Turning green with luxury
Affluent homeowners may be the ones to bring green building practices to the mainstream
October 14, 2007
Green building practices are germinating at some of Steamboat’s most exclusive addresses.
It may feel like a stretch to equate 7,000-square-foot homes with the green ethic when they have as many bathrooms as bedrooms.
However, it just might turn out that affluent resort homeowners will be the ones to bring green building into the mainstream.
“The patronage of high-end clients has been critical,” homebuilder Mike Roberts said. “The benefit is that they have more money to spend in order to do the right thing. Over the last 30 years, the green movement could not have gained as much momentum without that patronage.”
Roberts’ Habitat Construction has been using green building practices in Steamboat Springs since the early 1990s. In 1995, Habitat, with a variety of collaborators, undertook a subdivision of small single-family homes in Steamboat called Tamarack Pointe. They were built to be exceptionally energy efficient for the benefit of homeowners with modest budgets. Local banks offered attractive financing, and Tamarack became desirable entry-level housing for local families.
“Virtually all of the purchasers were first-time homebuyers,” Roberts said.
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Roberts puts green building practices to work in expensive resort homes and on projects intended to provide community housing. One of the challenges has always been that the premium homeowners must pay to go green. The resulting calculations on how many years will be required to break even on a photovoltaic solar system for example can cause homeowners to reconsider changing colors.
It’s unfortunate, Roberts said, that it often costs more to use recycled wood products, for example, than it does to use newly milled wood. Affluent resort buyers don’t have the same price resistance as lower-income buyers, he said, and thus help the industry to achieve the critical mass needed to bring green building practices into the mainstream.
“The benefit of high-end clients is that they are willing to spend more money to do the right thing,” Roberts said.
Just west of Steamboat Springs, at Marabou ranch preservation subdivision, Due West Land is offering cash incentives for purchasers of multi-million-dollar home sites to incorporate green building practices into their future homes. Due West Land will cut checks for $10,000 to residents who score enough green building points in the materials and practices employed in the construction of their new homes. Builders of the homes will score points if they use beetle killed timber from the Routt National Forest, for example. The significance is more than just saving living trees. By using lumber sawn from trees that grew in Northwest Colorado, the effects of trucking the lumber from distant forests is also reduced.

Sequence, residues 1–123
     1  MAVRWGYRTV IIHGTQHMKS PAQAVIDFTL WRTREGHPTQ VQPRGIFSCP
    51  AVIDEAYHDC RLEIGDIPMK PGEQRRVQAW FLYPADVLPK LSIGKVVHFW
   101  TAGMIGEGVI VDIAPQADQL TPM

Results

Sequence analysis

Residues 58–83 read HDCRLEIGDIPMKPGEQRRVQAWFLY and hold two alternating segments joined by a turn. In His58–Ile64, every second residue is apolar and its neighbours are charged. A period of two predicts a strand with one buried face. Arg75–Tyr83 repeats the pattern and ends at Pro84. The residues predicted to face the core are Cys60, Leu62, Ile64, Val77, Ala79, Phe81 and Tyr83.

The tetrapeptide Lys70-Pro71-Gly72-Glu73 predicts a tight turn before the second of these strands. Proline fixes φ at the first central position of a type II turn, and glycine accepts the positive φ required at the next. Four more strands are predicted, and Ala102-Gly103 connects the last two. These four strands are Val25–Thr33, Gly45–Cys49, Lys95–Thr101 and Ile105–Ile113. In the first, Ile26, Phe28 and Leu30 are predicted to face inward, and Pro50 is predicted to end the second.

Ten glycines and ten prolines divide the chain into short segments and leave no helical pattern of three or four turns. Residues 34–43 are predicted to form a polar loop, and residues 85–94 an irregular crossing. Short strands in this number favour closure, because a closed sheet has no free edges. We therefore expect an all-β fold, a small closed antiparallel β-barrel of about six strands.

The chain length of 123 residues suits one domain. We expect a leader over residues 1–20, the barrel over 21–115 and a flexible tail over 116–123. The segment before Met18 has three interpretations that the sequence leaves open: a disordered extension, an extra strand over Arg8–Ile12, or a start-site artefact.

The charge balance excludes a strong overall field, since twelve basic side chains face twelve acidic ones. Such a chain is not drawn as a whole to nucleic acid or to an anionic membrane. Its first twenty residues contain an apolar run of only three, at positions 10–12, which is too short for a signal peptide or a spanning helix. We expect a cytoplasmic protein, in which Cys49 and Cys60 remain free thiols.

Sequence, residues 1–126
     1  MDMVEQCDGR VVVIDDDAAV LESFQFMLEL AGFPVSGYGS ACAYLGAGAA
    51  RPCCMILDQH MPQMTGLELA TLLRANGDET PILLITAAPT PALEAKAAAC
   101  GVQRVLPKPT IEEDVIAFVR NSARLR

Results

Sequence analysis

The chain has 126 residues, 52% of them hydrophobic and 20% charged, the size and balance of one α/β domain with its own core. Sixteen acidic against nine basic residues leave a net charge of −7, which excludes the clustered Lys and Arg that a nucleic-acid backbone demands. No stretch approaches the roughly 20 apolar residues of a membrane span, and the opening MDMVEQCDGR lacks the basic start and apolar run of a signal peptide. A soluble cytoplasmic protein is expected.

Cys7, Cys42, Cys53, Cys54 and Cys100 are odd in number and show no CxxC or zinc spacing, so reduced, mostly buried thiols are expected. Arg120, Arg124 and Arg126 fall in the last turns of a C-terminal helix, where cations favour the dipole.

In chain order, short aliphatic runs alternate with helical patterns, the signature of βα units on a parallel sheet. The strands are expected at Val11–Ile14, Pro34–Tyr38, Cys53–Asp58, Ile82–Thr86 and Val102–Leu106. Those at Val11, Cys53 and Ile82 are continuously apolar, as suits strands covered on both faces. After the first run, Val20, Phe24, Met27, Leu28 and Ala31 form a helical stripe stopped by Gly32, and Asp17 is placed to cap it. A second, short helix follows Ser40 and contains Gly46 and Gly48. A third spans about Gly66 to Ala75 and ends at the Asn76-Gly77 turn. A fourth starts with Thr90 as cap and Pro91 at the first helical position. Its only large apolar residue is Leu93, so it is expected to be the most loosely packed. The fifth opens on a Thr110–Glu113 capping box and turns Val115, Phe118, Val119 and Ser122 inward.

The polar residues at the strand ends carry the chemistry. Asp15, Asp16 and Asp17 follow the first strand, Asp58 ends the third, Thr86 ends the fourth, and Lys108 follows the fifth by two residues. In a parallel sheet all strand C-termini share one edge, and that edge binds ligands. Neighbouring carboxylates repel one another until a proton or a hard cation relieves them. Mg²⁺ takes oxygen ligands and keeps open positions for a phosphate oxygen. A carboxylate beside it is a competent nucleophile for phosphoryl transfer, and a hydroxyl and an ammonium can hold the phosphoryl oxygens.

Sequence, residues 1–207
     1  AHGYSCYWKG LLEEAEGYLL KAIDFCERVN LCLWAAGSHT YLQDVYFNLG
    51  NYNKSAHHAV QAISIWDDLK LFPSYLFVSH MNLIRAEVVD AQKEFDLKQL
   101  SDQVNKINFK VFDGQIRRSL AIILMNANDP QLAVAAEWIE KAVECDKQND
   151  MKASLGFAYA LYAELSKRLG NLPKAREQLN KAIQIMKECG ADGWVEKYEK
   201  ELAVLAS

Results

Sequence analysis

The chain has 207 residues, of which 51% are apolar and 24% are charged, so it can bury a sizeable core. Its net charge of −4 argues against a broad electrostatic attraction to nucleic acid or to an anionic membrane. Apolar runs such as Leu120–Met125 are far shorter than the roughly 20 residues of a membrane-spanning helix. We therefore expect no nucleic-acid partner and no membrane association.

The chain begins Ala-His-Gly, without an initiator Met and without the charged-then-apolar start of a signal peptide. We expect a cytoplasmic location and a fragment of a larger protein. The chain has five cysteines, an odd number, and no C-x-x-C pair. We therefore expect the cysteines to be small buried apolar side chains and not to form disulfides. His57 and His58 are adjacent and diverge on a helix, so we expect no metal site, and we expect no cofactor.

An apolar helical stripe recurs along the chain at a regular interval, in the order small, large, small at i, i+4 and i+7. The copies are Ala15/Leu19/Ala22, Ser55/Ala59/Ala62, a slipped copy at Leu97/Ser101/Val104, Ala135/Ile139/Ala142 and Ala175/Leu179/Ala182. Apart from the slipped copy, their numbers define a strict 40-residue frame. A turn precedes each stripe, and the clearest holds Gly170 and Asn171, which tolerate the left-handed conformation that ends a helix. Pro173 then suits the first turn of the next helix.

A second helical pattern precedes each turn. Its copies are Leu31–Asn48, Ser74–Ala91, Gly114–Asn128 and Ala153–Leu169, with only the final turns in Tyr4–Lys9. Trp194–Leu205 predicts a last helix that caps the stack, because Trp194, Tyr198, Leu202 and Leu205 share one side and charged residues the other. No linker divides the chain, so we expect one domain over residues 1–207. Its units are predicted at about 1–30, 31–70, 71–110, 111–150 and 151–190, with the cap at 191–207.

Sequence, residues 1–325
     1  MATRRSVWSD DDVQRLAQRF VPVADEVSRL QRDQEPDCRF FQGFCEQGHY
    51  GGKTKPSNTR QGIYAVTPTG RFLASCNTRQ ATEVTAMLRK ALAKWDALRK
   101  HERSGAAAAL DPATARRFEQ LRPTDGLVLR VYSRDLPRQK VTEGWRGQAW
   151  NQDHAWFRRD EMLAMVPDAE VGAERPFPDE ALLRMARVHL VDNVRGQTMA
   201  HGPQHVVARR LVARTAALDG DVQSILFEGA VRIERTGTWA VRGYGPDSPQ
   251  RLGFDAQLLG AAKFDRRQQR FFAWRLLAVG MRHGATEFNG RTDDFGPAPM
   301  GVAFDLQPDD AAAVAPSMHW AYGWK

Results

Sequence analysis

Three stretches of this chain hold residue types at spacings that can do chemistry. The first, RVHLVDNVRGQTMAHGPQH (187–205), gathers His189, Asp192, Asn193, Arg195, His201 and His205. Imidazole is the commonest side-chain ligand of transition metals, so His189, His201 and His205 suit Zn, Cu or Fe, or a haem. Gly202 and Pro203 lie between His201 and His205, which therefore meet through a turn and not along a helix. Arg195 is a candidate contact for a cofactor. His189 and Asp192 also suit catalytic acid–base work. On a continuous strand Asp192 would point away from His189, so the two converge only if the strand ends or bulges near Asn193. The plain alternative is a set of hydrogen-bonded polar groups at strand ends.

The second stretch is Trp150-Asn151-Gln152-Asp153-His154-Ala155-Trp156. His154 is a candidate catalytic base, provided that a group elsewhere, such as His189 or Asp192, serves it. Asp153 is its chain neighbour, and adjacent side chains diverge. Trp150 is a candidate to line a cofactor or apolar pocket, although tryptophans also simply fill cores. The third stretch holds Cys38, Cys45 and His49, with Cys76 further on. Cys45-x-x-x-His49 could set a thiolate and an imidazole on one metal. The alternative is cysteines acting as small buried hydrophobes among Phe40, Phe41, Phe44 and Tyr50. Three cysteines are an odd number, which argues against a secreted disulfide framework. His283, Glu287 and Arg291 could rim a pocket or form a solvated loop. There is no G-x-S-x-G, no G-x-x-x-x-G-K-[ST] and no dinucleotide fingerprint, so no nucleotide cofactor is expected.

Based on the cost of building sites on the 1,800-acre ranch, many of those homes will set new standards for architectural values and luxury in the Yampa Valley at the same time they set examples for the green movement.
Jeff Temple is a principal in Due West with Mark Hall and Jeff Jepson.
Temple said his company spent nearly $1 million in improvements beyond the building code to construct the community barn, recreational buildings, children’s adventure center, an outing center and several guest cabins to green standards.
Unlike homeowners, Temple adds, subdivision developers don’t have an opportunity to recoup their investment in green building through reduced utility bills. Those benefits will accrue to the homeowners association.
So why bother? Aside from the fact that Temple and his partners share a commitment to green building standards, they think it’s good business.
“We expect the home sites to sell more quickly and for a higher price,” Temple said.
Green building standards are consistent with Due West’s overall approach to the subdivision where more than 1,325 acres will remain as open space. The developers have spent many thousands of dollars improving trout habitat in the Elk River to support a trophy fishery that is among the subdivision’s most prized amenities. But they’ve also taken pains to route subdivision roads around grouse mating leks and elk calving grounds. They’ve even gone as far as transplanting clusters of native shrubs into the midst of productive pasture land and hay meadows to create islands of wildlife habitat.
Joe Jones, project manager for general contractor TCD, said Marabou’s developers urged him from the beginning to score as many green points as he possibly could in the construction of the community buildings.
“What we’re most proud of,” Jones said, “is that from the foundations up through the finished roof, we’ve used a lot of recycled and manmade material. There are 8 lineal miles of interior trim in the buildings, and 90 percent of it is reclaimed or rescued wood.”